The saga of Dr. Jayant Patel is that of a man who concealed his incompetence by never staying in one place long enough for consequences to catch up to him.  But though he buried his true track record, Patel took care to bring with him enough social proof to persuade a new set of victims to trust him.  As long as he could stay one step ahead, he was gold. It wasn’t as if nobody suspected Patel wasn’t all he claimed to be. One gets the sense that many of his patients had doubts even as they looked up to him from the operating table, but never enough to challenge him openly; to impel them to say the one thing that would have saved them: ‘I don’t want this doctor, get me another’. And yet the truth was that he was probably trying; trying hard to be a doctor. One of the charges against him was that he treated patients that’s weren’t even his. Maybe he figured he needed practice. If at first you don’t succeed, try, try again. But that didn’t help him because the basic problem was that Patel was incompetent. He should have been something else. And getting an incompetent to try harder only gets you more incompetence.


Whitewash versus Paint

June 13th, 2010 - 2:48 pm

The northern summer months mean winter in the Antipodes so we drove to Anthony Watts‘ presentation in the dark even though it was only 6 pm.  He was the principal author of Watts Up With That?, a climate change skeptic’s blogsite that gets about 3 million hits per month.  And now he was in Australia on a speaking tour. The site has a large following in Australia probably due to two things. The first is his symbiotic relationship with the Herald Sun’s Andrew Bolt, who is Australia’s blogger/mainstream journalist — a combination you don’t often see — who appears to combine the strongest features of both and who quotes Watts continuously and extensively so that climate skepticism has become as it were, the new occult knowledge. Second, Watts’ focus on the weather taps into a major preoccupation in Australia: crops.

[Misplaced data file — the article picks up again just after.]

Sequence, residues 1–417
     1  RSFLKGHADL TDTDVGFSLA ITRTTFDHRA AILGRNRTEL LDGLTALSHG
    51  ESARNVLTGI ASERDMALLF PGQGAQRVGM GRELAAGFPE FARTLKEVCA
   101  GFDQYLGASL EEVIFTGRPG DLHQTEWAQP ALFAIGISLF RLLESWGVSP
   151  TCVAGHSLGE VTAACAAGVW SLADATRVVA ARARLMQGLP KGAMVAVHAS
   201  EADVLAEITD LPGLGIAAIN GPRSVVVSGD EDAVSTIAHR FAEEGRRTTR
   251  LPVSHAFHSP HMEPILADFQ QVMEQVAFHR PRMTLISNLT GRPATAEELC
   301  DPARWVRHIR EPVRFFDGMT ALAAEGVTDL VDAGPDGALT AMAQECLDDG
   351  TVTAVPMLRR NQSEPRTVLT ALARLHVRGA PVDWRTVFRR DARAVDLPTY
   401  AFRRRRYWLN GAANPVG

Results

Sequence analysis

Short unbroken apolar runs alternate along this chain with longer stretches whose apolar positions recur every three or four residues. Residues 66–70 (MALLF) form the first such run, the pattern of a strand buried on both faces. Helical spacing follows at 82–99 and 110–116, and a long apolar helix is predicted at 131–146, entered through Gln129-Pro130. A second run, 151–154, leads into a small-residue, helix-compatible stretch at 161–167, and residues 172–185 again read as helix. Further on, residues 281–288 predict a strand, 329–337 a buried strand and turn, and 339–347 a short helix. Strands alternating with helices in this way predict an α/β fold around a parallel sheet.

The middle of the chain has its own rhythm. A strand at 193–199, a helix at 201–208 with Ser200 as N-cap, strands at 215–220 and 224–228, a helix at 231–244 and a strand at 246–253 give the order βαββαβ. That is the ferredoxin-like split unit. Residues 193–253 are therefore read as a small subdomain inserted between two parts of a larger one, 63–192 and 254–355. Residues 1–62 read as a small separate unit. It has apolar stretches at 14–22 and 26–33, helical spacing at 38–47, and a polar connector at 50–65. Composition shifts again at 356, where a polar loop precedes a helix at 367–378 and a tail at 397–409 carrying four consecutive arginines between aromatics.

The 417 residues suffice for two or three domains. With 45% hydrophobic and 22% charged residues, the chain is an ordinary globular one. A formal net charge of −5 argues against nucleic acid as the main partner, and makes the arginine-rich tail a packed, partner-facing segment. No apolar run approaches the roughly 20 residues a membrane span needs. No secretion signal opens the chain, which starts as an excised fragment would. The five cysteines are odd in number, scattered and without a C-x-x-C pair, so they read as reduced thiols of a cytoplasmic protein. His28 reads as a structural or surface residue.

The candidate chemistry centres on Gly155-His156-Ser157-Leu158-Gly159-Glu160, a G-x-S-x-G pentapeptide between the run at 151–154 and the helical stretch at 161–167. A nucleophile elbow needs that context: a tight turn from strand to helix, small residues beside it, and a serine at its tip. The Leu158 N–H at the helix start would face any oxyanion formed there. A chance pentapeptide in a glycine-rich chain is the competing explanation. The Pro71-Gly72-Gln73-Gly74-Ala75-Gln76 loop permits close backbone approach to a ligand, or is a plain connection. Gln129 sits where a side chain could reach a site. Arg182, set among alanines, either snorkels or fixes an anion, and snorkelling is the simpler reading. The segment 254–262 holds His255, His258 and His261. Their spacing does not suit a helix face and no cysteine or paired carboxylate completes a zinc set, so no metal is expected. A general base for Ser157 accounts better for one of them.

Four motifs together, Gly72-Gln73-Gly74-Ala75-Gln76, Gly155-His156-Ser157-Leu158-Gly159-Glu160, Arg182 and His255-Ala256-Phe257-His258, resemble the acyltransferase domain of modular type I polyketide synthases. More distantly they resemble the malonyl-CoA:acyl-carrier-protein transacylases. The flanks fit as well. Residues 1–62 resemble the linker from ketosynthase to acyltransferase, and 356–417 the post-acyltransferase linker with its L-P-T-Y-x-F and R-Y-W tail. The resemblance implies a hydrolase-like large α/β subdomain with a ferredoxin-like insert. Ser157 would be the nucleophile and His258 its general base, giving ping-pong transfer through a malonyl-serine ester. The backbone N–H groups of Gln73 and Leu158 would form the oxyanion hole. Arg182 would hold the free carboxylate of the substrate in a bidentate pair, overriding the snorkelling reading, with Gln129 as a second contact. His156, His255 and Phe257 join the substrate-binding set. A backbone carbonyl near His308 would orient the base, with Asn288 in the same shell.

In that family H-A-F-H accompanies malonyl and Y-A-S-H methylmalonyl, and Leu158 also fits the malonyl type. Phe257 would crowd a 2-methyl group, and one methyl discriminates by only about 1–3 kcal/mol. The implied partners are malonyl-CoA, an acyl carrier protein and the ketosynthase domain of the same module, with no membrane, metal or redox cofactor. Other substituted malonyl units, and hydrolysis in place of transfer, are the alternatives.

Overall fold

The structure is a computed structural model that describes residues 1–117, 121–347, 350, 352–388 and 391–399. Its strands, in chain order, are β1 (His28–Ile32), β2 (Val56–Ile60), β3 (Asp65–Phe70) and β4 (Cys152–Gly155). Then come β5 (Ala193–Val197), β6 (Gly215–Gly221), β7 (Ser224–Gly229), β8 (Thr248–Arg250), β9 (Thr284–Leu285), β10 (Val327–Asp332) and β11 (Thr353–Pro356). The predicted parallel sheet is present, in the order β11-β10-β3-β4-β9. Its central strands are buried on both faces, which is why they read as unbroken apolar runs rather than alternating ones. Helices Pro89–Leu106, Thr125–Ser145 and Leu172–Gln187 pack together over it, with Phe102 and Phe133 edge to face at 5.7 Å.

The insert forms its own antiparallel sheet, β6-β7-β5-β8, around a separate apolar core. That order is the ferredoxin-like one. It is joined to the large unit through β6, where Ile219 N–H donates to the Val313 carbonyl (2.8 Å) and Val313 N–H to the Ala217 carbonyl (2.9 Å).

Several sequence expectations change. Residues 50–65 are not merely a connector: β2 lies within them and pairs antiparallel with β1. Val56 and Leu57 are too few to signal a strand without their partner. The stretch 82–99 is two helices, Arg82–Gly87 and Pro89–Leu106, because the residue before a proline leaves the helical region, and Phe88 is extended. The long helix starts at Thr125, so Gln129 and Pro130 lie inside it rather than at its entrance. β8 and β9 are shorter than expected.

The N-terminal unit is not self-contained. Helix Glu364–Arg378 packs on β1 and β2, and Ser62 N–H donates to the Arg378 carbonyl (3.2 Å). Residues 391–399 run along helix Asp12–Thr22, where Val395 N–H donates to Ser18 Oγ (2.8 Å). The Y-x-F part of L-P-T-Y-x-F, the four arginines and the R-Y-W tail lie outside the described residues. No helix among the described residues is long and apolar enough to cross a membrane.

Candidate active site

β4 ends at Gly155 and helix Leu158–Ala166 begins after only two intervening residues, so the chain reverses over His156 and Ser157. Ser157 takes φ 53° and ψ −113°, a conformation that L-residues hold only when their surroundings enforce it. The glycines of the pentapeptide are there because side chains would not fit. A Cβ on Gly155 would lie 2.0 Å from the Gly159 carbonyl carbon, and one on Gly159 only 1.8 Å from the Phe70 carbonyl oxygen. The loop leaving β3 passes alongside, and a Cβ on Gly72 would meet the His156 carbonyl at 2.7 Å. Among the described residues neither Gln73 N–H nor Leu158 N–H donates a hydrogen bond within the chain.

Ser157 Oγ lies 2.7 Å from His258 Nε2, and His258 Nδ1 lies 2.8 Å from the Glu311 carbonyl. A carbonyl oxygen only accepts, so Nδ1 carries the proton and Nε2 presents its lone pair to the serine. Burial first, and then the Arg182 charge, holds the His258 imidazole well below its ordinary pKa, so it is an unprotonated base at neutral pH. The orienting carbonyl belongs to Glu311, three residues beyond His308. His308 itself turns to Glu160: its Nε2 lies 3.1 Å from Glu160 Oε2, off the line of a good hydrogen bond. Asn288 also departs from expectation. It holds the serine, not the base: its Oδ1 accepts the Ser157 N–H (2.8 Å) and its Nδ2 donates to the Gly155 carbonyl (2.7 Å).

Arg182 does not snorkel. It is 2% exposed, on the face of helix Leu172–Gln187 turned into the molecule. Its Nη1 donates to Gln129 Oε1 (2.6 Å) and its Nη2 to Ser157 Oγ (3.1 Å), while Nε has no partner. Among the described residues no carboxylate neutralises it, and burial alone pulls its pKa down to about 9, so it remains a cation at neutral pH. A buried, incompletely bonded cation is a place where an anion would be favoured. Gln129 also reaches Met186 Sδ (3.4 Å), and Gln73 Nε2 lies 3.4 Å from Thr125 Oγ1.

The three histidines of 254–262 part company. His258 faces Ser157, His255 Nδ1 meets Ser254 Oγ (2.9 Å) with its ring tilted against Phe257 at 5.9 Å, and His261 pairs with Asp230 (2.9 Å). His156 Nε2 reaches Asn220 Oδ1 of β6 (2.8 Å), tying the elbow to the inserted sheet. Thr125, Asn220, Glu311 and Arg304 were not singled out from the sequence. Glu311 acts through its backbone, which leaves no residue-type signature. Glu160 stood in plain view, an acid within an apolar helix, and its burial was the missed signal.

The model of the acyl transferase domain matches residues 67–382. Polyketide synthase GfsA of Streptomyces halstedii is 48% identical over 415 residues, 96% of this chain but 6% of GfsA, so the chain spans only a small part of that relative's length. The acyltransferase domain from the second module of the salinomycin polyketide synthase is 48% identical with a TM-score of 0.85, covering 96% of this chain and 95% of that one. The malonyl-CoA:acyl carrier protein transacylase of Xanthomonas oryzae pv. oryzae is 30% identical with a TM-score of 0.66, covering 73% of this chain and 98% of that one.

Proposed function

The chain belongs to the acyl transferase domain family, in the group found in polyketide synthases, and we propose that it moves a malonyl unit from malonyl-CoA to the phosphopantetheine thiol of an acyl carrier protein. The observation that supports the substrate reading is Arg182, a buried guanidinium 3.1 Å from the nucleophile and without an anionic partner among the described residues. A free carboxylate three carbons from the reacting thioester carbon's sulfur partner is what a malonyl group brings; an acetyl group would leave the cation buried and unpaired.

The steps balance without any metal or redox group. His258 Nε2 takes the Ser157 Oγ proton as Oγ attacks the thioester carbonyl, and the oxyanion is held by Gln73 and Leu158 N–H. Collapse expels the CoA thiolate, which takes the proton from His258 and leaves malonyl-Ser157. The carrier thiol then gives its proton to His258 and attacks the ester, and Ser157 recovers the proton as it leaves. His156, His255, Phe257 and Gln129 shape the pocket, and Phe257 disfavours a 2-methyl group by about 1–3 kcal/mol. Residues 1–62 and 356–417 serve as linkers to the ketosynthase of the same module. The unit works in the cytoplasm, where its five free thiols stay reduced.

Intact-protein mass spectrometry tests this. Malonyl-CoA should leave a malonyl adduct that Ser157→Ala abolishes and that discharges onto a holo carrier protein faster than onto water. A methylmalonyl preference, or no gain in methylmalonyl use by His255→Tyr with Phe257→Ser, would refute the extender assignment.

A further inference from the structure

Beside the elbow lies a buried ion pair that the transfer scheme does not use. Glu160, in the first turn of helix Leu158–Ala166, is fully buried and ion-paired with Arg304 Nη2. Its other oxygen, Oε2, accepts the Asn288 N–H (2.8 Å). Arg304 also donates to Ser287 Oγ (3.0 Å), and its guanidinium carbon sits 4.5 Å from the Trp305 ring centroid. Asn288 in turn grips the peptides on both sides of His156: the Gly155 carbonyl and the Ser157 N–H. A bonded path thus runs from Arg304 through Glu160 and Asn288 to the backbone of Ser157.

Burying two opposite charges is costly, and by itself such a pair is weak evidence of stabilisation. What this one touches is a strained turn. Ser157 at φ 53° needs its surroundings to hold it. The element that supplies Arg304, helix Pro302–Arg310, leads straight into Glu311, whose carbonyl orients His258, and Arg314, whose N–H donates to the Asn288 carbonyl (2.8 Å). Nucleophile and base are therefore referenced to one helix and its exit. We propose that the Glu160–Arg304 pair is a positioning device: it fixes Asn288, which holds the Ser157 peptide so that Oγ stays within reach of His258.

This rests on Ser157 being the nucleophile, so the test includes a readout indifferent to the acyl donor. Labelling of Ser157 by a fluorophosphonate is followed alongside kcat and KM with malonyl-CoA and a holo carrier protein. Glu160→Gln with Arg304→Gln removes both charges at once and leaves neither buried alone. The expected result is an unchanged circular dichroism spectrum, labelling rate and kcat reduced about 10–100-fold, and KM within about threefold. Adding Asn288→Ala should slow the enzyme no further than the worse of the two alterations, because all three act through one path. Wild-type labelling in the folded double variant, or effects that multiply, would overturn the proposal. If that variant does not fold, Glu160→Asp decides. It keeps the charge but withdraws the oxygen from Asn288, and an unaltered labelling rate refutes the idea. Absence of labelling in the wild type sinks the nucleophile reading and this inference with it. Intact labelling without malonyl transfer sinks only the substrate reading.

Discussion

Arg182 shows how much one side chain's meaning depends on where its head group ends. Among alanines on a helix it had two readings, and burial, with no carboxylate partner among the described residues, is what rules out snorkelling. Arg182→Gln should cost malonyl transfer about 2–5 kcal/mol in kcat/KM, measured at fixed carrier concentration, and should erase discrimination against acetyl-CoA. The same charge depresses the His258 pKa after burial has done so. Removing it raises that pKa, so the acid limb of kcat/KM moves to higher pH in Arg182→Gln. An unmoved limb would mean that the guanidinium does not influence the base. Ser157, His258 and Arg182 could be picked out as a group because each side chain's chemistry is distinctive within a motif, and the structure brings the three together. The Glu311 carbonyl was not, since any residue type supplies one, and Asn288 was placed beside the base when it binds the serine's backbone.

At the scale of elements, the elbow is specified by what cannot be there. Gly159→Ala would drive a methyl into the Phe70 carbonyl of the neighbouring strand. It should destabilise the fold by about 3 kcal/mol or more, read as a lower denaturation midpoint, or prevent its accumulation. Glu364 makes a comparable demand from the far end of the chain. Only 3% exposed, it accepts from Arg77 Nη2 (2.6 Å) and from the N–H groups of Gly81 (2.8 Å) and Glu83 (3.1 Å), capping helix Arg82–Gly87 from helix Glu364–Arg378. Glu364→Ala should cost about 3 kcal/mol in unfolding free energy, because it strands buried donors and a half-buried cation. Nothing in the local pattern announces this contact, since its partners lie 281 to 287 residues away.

Outrageous Fortune

June 12th, 2010 - 10:18 pm

American Spectator says that Pamela Geller (Atlas Shrugs) has received a notification that her PayPal online account has been discontinued. “[A]fter a recent review of your account, it has been determined that you are currently in violation of PayPal’s Acceptable Use Policy,” the PayPal e-mail said. “Under the Acceptable Use Policy, PayPal may not be used to send or receive payments for items that promote hate, violence, racial intolerance or the financial exploitation of a crime.”

Everyone has to take responsibility for what they say. The reason comments on this site are moderated is because there are always lines that shouldn’t be crossed and you try, insofar as you can, not to cross them. But whether or not one agrees with Pamela Geller, it is far from clear that PayPal should be in the business of determining what constitutes “hate, violence, racial intolerance or the financial exploitation of a crime.” For example, PayPal as of few minutes ago served Revolution Muslim. I’ve attached a screenshot of the site showing the PayPal button just above the the picture portraying Barack Obama as Hitler.


The (Soccer) Ball is Round

June 12th, 2010 - 2:14 pm

I returned, and saw under the sun, that the race is not to the swift, nor the battle to the strong, neither yet bread to the wise, nor yet riches to men of understanding, nor yet favour to men of skill; but time and chance happeneth to them all.